Solid state stability Chemical instability normally results from either of the following reaction :- Hydrolysis, Oxidation, Photolysis Pyrolysis

Solid state stability : 

Solid state stability Chemical structure of the drug is the determination of drug to either of these attacks. Esters and lactase and to lesser extent, amides are prone to solvolysis . Unstauration or electron rich centre in the structure make the molecule vulnerable for free radical mediated or photo-catalysed oxidation. Physical properties of drugs such as Amorphous materials are less stable than their crystalline forms. Denser materials are more stable to ambient stress.

Elevated temperature studies : 

Elevated temperature studies The elevated temperatures commonly used are 40ºC, 50ºC, and 60ºC with ambient humidity. The samples are stored at highest temperature are observed weekly for physical and  chemical changes and compared to an appropriate control. If a substantial change is seen, samples stored at lower temperature are examined . If no changes are seen after 30 days at 60ºC, the stability prognosis is excellent .

Stability under high humidity conditions : 

Stability under high humidity conditions Solid drug samples can be exposed to different relative humidity conditions by keeping them in laboratory dessicators containing saturated solutions of various salts. The closed dessicators in turn are kept in oven to provide constant temperature. The preformulation data of this nature are useful in determining if the material should be protected and stored in controlled low humidity environment or if non aqueous solvent be used during formulation

Photolytic stability : 

Photolytic stability Many drugs fade on exposure light. Though the extent of degradations small and limited to the exposed surface area, it presents an aesthetic problem. Exposure of drug 400 and 900 foot-candles of illumination for 4 and 2 week periods respectively is adequate to provide some idea of photosensitivity. Resulting data may be useful in determining if an amber colored container is required or if color masking dye should be used in the formulation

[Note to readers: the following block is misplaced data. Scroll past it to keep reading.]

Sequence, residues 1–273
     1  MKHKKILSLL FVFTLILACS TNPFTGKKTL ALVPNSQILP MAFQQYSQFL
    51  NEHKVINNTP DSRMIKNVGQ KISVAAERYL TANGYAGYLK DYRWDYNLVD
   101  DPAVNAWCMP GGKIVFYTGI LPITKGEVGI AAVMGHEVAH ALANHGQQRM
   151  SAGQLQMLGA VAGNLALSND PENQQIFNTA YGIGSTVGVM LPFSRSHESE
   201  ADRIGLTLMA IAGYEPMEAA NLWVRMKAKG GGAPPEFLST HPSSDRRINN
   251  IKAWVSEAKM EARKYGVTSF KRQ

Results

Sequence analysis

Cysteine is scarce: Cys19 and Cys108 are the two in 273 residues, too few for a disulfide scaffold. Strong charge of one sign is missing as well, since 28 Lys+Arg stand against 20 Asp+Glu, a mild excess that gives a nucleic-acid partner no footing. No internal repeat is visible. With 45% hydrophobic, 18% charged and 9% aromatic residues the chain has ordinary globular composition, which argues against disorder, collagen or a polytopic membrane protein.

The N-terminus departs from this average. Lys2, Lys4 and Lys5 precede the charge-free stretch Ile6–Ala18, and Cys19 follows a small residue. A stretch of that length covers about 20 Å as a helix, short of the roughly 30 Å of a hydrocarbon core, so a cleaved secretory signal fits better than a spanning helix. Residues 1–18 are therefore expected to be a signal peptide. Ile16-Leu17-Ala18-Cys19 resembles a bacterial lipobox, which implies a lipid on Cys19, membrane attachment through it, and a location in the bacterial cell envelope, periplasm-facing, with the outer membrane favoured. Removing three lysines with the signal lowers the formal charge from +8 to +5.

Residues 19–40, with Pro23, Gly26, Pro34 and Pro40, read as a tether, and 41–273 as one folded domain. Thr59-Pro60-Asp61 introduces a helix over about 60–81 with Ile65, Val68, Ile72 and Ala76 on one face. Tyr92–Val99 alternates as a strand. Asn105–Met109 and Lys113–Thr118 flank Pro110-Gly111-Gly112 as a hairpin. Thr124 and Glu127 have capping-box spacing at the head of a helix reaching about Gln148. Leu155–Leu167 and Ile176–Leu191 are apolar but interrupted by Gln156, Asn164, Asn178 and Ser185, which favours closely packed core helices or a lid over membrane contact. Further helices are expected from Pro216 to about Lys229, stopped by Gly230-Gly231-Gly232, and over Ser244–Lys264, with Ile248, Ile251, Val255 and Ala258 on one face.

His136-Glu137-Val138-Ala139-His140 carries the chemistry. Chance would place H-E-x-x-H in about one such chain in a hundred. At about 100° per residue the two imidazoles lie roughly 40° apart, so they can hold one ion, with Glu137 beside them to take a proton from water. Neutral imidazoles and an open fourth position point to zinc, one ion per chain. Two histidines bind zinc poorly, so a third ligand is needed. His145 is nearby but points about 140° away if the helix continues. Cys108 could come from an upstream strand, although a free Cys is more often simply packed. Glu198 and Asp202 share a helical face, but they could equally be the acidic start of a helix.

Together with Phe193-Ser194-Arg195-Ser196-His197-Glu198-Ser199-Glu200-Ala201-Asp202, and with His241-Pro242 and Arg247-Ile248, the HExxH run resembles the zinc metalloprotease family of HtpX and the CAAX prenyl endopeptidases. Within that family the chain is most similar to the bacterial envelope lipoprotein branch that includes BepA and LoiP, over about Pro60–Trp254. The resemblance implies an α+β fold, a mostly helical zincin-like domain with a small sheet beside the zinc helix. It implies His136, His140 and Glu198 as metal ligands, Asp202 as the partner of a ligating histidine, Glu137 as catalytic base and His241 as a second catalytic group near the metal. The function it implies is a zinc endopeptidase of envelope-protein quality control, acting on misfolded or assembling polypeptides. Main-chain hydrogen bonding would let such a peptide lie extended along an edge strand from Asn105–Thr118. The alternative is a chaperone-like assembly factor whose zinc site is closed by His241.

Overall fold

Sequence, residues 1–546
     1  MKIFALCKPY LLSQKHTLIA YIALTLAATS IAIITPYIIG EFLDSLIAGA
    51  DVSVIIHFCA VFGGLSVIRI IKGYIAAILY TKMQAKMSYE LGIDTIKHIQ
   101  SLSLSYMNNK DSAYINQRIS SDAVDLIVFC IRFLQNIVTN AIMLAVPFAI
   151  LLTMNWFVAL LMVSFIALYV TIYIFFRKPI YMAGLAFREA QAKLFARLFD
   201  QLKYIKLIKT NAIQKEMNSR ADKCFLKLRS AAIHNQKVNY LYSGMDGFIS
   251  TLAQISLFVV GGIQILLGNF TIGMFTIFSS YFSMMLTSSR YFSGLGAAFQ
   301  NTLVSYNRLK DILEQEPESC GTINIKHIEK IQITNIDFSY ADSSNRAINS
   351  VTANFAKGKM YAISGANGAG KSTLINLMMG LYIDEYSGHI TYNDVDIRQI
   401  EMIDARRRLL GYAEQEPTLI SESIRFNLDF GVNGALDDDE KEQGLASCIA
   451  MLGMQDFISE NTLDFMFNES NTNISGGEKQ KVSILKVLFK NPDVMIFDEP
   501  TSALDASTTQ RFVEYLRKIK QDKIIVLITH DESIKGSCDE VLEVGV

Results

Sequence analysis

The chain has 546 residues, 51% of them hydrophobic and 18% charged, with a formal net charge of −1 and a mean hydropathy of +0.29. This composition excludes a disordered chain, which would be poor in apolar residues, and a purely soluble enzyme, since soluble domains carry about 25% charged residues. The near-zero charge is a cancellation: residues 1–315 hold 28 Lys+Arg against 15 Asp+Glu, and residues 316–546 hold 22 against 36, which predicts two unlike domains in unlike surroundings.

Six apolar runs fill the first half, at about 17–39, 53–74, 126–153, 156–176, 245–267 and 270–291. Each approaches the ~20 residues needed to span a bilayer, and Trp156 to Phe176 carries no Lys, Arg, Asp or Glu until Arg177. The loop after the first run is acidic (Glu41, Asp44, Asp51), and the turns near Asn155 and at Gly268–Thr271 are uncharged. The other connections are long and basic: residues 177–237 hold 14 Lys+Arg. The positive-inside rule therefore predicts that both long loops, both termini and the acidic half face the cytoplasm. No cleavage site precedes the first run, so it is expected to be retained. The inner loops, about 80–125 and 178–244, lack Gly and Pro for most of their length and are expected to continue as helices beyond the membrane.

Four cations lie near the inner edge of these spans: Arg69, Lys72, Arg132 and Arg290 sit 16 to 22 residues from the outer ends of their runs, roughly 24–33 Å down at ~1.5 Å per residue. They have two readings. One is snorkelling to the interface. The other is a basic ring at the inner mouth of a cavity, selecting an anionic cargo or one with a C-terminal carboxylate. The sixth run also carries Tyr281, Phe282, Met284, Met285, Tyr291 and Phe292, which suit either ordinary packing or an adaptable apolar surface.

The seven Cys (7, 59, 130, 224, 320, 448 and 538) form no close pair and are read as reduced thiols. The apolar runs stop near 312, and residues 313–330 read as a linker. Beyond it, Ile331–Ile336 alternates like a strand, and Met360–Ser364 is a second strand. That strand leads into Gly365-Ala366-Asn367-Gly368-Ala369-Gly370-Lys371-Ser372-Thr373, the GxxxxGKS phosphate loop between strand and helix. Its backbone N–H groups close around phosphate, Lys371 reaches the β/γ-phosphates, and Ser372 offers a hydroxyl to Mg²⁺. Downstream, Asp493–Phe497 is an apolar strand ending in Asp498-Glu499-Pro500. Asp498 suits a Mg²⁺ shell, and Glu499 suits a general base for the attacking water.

Stability to Oxidation : 

Stability to Oxidation Drug’s sensitivity to oxidation can be examined by exposing it to atmosphere of high oxygen tension. Usually a 40% oxygen atmosphere allows for rapid evaluation. A shallow layer of drug exposed to a sufficient headspace volume ensures that the system is not oxygen limited. Samples are kept in desiccators equipped with three-way stop cocks, which are alternatively evacuated and flooded with desired atmosphere. The process is repeated 3 or 4 times to ensure 100% desired atmosphere. Results may be useful in predicting if an antioxidant is required in the formulation or if the final product should be packaged under inert atmospheric conditions.

Compatibility studies : 

Compatibility studies The knowledge of drug excipients interaction is useful for the formulation to select appropriate excipients. The described preformulation screening of drug excipients interaction requires only 5mg of drug in a 50% mixture with the excipients to maximize the likelihood of obscuring an interaction . Mixtures should be examined under nitrogen to estimate oxidation and paralytic effect at a standard heating rate on DSC, over a temperature range, which will encompass any thermal changes due to both the drug and appearance or disappearance one or more peaks in thermograms of drug excipient mixtures are considered of indication of interaction.